Two Notorious Disciples

On Sunday August 28th we moved The Commons’ Gathering out to the shores of Lake Ontario. We sang some songs together, participated in our Sunday Evening Prayer Liturgy and heard some thoughts from our good friend Caleb Ratzlaff. Caleb is a Commoner Alumni and although we were sad to see Caleb, Jenica and their kids move from Hamilton (we don’t support or condone our friends moving from Hamilton!) we are always happy to have them come back for a visit. Our theme all summer has been Disciples of Jesus, the people that were drawn to Jesus during his time here on Earth. Caleb did some sharing on two of the more notorious disciples that were given the title of Apostles. Here are some thoughts Caleb sent to me along with his teaching notes:
Caleb 2

Apostle Reflection
by Caleb Ratzlaff

I wrote a reflection on the word Apostle. I didn’t share it Sunday but I wrote it with the Commons in mind so I thought I’d share it here.

The New Testament describes the way Christ’s disciples become apostles. This word “apostle” means, literally, “to send away.” In order to send someone away, he or she must first be with you. The apostles must have been at some point in the presence of Christ before he dismissed them, before he sent them away. And it is this event — the send-off — from which their title is derived. Typically Christians focus on being with Christ, following close behind him, being “Christ-like.” However, to be an apostle means something a little different; it emphasizes a departure from Christ, a commission.

My two adorable little boys follow Jen and I everywhere as they learn, grow, and mature. But a day will come when they must be sent out from under our feet into the world where, as Leland likes to say, it’s “too sunny”. The shift from child to young adult or disciple to apostle is a significant movement.

The transition between being a follower and being sent away is challenging. When we are sent away, we encounter new surprises, things that don’t fit perfectly into the curriculum, and now we must decide what to do without referring to an authority. And this tension, between following and making it up as we go, never subsides, it’s always with us as new surprises hide in each moment of our lives. Although exciting this movement can also be a struggle. Change, as we say, is never easy.

A parent’s desire for a better life for her child is a common hope. Wouldn’t it be great if all children grew to be kinder, gentler, and more compassionate than their parents? Similarly, I believe this hope parallels the words of Christ when he says, in John 14:12a, that those who believe in him will not only do the works he has done but will do even greater works than these. So on the one hand, we learn from Christ’s example, just as a son watches his mother. On the other hand, each day brings new challenges some of which demand a response that goes beyond the lessons learned, a response of even greater works than the teacher. In fact, justice and love require that we continually invent ways of caring for the uniqueness of each situation and person. The lessons we learn, from Christ or from our parents, can only guide us, they do not provide an answer book for all the problems we will face in our lives. Hence, to go out into the world is to do more than simply follow. It requires that we become apostles, that we are sent away by our teacher, and perhaps achieve greater things than the examples we try to imitate.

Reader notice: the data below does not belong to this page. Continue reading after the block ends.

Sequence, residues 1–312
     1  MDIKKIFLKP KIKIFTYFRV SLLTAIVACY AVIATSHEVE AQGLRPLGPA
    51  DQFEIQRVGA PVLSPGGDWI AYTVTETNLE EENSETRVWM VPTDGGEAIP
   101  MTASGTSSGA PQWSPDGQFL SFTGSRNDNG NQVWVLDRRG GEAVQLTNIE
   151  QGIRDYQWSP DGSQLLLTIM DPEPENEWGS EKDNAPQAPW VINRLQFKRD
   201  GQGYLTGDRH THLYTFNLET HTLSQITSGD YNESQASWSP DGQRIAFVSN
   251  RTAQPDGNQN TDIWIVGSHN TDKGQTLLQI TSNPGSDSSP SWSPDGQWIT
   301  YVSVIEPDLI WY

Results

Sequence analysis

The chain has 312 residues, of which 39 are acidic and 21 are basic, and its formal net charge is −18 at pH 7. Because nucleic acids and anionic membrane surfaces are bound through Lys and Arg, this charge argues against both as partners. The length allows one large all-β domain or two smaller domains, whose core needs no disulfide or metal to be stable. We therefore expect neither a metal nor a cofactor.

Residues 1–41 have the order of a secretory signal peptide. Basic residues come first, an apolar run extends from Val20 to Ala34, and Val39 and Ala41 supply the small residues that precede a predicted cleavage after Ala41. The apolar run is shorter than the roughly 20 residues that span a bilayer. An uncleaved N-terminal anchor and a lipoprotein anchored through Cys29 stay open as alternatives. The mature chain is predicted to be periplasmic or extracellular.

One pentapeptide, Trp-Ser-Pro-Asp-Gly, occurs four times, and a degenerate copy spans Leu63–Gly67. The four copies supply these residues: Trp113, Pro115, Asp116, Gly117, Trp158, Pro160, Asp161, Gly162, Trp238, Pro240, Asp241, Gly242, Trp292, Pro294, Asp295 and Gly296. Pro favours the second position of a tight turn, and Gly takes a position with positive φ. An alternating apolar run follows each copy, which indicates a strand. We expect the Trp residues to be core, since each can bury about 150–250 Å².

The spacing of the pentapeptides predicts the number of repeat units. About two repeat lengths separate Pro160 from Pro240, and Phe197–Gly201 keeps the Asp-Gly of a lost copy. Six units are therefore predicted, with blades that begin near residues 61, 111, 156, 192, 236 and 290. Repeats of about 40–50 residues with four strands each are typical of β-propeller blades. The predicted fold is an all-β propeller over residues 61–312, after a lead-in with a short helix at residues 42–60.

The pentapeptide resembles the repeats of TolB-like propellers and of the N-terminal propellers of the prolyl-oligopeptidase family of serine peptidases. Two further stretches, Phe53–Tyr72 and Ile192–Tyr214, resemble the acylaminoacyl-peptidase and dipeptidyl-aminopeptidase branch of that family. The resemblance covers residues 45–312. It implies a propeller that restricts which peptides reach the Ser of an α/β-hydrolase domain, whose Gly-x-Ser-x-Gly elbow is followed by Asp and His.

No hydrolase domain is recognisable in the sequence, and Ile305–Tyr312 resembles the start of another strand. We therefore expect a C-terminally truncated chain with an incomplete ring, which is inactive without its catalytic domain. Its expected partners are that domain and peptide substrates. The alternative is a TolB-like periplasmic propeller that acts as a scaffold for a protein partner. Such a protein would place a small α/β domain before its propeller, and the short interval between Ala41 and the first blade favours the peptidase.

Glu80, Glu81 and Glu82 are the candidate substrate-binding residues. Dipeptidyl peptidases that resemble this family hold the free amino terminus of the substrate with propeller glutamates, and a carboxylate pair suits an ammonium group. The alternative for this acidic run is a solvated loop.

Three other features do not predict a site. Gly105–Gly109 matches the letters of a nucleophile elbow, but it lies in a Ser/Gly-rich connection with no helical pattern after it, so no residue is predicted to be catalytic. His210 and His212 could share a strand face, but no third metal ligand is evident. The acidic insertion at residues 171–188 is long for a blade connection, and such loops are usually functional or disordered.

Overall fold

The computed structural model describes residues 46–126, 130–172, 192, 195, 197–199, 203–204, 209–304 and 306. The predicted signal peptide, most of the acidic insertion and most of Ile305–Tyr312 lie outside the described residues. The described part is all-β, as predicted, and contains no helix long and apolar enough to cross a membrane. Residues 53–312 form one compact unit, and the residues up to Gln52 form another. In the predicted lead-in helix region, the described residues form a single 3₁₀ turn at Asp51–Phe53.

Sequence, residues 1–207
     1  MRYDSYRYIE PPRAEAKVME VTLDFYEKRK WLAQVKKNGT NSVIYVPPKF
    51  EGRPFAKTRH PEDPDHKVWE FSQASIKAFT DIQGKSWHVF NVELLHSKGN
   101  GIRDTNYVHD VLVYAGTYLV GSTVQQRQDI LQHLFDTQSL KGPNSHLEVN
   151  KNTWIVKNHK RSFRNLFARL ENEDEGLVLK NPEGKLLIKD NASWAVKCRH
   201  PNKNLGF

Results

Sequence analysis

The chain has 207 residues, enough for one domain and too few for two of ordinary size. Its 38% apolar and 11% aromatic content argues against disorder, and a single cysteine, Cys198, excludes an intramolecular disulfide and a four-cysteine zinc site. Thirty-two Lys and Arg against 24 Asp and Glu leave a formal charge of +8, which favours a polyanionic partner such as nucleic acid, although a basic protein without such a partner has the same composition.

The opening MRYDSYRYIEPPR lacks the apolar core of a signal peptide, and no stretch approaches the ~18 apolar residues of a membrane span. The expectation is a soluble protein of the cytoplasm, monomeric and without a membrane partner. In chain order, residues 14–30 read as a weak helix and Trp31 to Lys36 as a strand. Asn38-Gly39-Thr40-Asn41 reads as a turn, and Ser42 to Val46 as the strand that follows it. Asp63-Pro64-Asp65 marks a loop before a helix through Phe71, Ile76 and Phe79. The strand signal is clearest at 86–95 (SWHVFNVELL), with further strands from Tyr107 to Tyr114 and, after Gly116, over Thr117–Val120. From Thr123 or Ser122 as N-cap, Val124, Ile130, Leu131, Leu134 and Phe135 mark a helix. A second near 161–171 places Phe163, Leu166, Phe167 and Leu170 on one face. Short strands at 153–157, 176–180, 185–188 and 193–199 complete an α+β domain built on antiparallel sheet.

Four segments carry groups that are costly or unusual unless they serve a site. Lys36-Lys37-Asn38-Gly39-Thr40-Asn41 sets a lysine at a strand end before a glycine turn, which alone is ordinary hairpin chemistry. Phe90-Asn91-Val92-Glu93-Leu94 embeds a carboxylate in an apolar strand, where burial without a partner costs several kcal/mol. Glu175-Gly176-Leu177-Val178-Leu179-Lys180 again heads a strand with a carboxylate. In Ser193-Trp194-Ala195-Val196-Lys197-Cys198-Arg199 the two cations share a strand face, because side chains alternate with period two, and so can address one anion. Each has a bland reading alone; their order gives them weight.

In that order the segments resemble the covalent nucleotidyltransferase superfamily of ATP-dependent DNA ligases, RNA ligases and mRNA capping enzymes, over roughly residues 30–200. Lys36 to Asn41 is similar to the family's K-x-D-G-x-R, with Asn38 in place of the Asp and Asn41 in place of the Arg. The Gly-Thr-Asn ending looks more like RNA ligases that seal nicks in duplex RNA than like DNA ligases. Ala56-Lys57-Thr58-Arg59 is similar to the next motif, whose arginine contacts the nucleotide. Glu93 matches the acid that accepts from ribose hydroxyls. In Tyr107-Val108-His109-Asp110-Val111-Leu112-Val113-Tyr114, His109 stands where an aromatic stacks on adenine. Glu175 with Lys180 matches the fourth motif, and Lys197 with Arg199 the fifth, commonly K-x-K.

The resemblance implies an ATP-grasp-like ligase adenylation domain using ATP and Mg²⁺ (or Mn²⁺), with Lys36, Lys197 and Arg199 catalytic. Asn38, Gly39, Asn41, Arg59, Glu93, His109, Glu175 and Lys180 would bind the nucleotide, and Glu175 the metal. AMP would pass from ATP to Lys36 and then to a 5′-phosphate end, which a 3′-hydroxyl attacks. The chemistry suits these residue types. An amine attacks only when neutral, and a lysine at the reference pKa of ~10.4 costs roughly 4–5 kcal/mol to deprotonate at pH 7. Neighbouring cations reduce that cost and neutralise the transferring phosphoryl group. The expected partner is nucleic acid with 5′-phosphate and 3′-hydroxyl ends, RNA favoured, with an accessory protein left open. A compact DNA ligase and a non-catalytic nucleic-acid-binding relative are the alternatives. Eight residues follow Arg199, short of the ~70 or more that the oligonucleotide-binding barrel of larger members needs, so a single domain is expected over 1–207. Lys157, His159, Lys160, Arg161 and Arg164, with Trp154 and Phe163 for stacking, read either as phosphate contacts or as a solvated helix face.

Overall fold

14202534_10154584364127873_5821692470078585918_nGathering at The Lake
Teaching Notes by Caleb Ratzlaff
August 28th, 2016

Judas’ Offence:

The gospels are not shy in their portrayal of the way the disciple’s struggle to understand Christ’s potentially life-changing lessons. Part of this difficulty is due to the offensive nature of Christ’s message. In most gospels, it’s not difficult to understand how Christ offends the teachers of the law. Less clear is the way Christ offends his own disciples. In the Gospel of Mark, we find evidence of at least two disciples, Peter and Judas, offended by Christ’s teaching. The offence takes place in the moments leading up to and following Christ’s arrest.

In Mark’s account, the start of this rising action is found a story the NIV titles, “The Widow’s Offering”. In Mark 12 verses 38-40 Jesus tells his disciples to “watch out for the teachers of the law… They devour widows’ houses”. He then instructs his disciples to observe a poor widow as she tithes her last two small copper coins. Speaking of the widow, Jesus says “she, out of her poverty, put in everything–all she had to live on” (Mk. 12:44b). Many accounts of this episode praise its illustration of true faith and adoration. Although the widow’s action is admirable, Jesus doesn’t praise what he sees happening. Rather, I believe, Jesus draws the disciples attention to this event as a way of illustrating the injustice of the temple system. Those living in already desolate conditions are being compelled to tithe their daily bread. In the tradition of the apocalyptic prophets who preceded him, Jesus then gives a long monologue in which he warns the teachers of the law of their coming destruction. This monologue is bookended by two stories, the first being the story of the widow and the second being the story of the unnamed woman with an alabaster jar.* The unnamed woman anoints Jesus with oil. Like the widow, she gives a token of immense value in honour of her beliefs. This event offends all the disciples who express disgust at the woman’s seemingly wasteful actions. In response, Christ says something about the anointing that he does not say about the widow’s two coins; he calls the anointing a beautiful thing. In these two stories, Mark shows how the life of Christ directly opposes the temple system. Christ himself replaces the temple as the new dwelling place of God.